Expert: Kieran O'Gorman, Deepbridge
Moderator: Roderic Rennison, Rennison Consulting
Background and context
The last decade has seen the erosion of tax reliefs and “breaks” in a number of areas including: pension contributions, the major reduction in the Lifetime Allowance and changes to trust and other IHT legislation. HMRC has, during this period, stepped up its scrutiny of tax structures.
At the same time higher rate taxpayers are shouldering more of the burden of income tax. In 2013-14, nearly two-thirds of income tax was paid by people paying the higher 40%, a marked increase on the 54% that they paid in 2010-11.
It is against this backdrop that the Enterprise Investment Scheme (EIS) continues to provide valuable tax incentives for investors but, they need to have the confidence to invest in EIS without the worry that the particular Scheme(s) that they have invested in, could be open to attack.
What then, is the analysis that investors and their financial advisers should take to ensure that they reduce the risk of attack by HMRC?
Adopting a systematic approach to the analysis of individual EIS
Deepbridge Capital LLP, a specialist designer of EIS, suggested the following approach for investors and their advisers to adopt when evaluating new EIS products:
- Ascertain what the “Intention of Parliament” is in relation to any new product/Scheme; is it one which has a “good intention” – an example would be ISAs.
- Seek confirmation that the product in question does not rely on the manipulation of the Rules; for example, if it is based on an amalgamation of legislation, then it could increase the likelihood of challenge.
- Seek sight of any professional opinions regarding the tax treatment of the product whether from barristers, accountants or other tax planning specialists.
- Look systematically, at the following elements of the product in question:
- The governance adopted by the Sponsor
- The oversight that will be undertaken by the Manager
- The underlying financial assumptions that have been made about costs and returns
- The Independent Review Panel and how it will operate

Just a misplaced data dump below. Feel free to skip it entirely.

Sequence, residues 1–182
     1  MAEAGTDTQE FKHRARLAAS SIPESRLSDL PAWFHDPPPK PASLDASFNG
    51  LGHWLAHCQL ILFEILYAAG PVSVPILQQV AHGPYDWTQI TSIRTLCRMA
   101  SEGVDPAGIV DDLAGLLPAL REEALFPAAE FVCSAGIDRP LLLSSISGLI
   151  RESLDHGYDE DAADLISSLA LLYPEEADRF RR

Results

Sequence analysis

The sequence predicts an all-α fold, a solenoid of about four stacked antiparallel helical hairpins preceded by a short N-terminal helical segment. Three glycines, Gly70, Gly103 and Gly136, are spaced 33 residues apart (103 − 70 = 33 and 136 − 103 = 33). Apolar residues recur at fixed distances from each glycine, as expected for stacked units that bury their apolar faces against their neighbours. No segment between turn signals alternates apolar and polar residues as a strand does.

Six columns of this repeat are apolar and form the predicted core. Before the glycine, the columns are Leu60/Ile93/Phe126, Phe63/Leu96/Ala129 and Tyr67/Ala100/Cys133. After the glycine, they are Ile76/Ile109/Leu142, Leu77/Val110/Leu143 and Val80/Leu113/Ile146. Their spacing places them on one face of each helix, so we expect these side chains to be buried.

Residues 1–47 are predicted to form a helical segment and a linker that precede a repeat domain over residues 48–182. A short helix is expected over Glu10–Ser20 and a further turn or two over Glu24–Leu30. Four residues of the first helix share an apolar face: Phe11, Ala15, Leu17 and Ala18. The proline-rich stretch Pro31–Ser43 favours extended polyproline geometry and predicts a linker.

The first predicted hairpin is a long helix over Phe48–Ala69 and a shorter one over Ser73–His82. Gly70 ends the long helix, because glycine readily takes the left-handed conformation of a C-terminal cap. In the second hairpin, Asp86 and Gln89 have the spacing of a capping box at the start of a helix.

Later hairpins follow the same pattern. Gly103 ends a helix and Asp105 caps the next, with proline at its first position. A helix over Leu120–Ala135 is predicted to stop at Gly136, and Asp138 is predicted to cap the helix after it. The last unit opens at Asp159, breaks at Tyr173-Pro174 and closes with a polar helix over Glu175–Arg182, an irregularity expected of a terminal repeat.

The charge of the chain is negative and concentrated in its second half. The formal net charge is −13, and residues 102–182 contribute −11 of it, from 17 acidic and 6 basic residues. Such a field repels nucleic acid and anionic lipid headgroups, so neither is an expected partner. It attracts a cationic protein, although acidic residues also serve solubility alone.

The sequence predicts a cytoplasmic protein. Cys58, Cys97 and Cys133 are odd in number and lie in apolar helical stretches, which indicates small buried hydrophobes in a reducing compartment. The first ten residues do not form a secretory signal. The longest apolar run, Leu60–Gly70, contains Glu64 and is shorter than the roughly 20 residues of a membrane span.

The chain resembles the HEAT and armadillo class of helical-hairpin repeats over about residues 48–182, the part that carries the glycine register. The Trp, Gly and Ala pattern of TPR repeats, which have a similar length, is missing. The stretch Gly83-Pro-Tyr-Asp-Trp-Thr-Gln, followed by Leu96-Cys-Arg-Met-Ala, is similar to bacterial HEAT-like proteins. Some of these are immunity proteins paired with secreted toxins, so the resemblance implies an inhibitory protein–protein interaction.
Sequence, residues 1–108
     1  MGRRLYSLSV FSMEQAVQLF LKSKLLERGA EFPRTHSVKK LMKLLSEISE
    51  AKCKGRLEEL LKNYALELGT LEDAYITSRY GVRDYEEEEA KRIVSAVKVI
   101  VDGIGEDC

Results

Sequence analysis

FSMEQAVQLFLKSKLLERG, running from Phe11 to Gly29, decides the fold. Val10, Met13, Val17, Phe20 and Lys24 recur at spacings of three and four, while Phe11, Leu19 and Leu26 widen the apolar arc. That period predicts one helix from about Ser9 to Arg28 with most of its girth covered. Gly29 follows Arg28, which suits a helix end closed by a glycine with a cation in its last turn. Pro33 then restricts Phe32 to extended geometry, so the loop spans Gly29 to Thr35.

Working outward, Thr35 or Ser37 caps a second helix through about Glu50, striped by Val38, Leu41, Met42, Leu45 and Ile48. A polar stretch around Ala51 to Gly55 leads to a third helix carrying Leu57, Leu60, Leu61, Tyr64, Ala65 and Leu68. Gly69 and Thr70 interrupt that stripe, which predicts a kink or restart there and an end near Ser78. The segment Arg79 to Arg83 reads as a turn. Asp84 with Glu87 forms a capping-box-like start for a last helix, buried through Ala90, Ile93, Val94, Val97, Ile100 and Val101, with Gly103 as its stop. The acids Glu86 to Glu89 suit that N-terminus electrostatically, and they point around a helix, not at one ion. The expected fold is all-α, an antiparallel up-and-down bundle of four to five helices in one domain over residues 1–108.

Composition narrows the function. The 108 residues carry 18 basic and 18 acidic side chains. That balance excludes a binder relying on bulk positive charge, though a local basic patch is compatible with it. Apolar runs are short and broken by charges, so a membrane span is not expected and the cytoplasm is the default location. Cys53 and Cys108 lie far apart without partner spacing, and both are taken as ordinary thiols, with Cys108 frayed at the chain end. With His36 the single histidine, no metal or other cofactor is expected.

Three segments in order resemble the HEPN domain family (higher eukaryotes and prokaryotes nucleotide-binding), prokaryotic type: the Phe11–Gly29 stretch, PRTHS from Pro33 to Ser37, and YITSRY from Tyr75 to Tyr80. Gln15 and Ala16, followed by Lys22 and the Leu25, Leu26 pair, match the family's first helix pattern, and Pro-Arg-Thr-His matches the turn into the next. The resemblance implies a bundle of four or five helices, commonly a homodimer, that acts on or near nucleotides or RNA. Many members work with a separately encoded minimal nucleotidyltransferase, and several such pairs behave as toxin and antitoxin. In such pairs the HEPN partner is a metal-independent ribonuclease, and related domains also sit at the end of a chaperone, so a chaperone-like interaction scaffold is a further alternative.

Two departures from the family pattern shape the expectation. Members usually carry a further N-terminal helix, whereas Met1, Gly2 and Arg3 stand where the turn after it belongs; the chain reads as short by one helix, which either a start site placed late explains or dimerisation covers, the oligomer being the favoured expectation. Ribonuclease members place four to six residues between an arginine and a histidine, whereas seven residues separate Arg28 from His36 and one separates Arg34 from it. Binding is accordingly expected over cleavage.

- The way information about the product is communicated to both investors and their advisers.
Ensuring that the EIS selected is suitable for the investor
It is incumbent on financial advisers to both be aware of the rules surrounding EIS but also the personal circumstances of the investor to determine that the proposed investment is suitable for their needs. Just because EIS is tax efficient does not make it suitable for all clients. Their individual circumstances, investment experience, attitude to risk and capacity for loss will all be important factors to both be fully conversant with and to have discussed with them in order to ensure that they are suitably qualified to make investments in the EIS.
In addition, it is important for intermediaries to be aware of areas of focus by HMRC, for example, Business Property Relief (BPR) where there is increased scrutiny from HMRC.
Achieving the “right” result
The EIS has been in existence since 1993/94 when it was launched on the back of the Business Expansion Scheme (BES).
Data for 2014/15 shows that 3,265 companies raised a total of £1,816 million of funds under the EIS Scheme. In 2013-14, 2,840 companies raised £1,591 million of funds.
EIS (like VCTs) is mandated by the Government and enshrined in Part 5 of the Income Taxes Act 2007. A number of subsequent Finance Bills have made the EIS more attractive to investors, for example increased subscription limits, whilst others have refined the eligibility of investee companies.
The overwhelming focus in recent years has been to refocus tax-incentivised venture funding on risk-engages SMEs and away from the more secure “risk-defined” areas like renewable energy.
As a consequence, Deepbridge adopts the following perspective/principles in relation to any Schemes it promotes:
- The investment rationale of the underlying investee company comes first;
- The EIS means risk investment capital which requires Manager-led risk mitigation; and,
- Tax reliefs are only compensation for illiquidity and the inevitable higher risk of investing in smaller companies, not part of the investor return.
Deepbridge argues it is only by adopting these principles that investors and their financial advisers (who in turn need to confirm the suitability of the product for their clients on a client by client basis,) can invest with confidence.